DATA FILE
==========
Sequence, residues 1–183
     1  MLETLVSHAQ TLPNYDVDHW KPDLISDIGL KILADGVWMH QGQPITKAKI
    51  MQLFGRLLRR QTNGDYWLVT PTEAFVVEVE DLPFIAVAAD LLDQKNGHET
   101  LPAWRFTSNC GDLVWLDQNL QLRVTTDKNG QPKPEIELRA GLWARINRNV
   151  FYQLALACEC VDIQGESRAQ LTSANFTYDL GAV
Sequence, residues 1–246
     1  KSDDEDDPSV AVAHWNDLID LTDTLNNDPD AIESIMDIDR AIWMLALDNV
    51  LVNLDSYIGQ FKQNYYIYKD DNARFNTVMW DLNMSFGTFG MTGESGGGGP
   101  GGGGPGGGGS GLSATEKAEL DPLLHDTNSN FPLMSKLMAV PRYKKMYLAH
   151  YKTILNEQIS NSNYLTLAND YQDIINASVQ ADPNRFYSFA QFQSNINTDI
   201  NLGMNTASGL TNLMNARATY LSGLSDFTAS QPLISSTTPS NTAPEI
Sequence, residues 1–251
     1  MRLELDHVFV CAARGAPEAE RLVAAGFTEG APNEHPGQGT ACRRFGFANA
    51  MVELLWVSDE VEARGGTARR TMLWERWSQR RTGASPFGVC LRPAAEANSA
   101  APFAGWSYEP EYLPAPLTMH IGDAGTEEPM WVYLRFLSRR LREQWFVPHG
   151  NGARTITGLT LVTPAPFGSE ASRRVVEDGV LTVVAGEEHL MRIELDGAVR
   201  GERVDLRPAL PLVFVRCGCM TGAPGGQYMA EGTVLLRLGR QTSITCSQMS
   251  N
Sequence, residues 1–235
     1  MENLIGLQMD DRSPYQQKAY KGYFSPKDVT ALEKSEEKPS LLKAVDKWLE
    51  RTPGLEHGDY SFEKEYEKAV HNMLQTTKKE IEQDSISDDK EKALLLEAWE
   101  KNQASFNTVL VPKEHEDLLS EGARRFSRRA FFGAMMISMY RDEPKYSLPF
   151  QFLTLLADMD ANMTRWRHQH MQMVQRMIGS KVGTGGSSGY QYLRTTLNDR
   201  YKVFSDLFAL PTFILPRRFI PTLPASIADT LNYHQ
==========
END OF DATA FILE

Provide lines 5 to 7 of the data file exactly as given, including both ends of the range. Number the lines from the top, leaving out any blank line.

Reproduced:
   151  FYQLALACEC VDIQGESRAQ LTSANFTYDL GAV
Sequence, residues 1–246
     1  KSDDEDDPSV AVAHWNDLID LTDTLNNDPD AIESIMDIDR AIWMLALDNV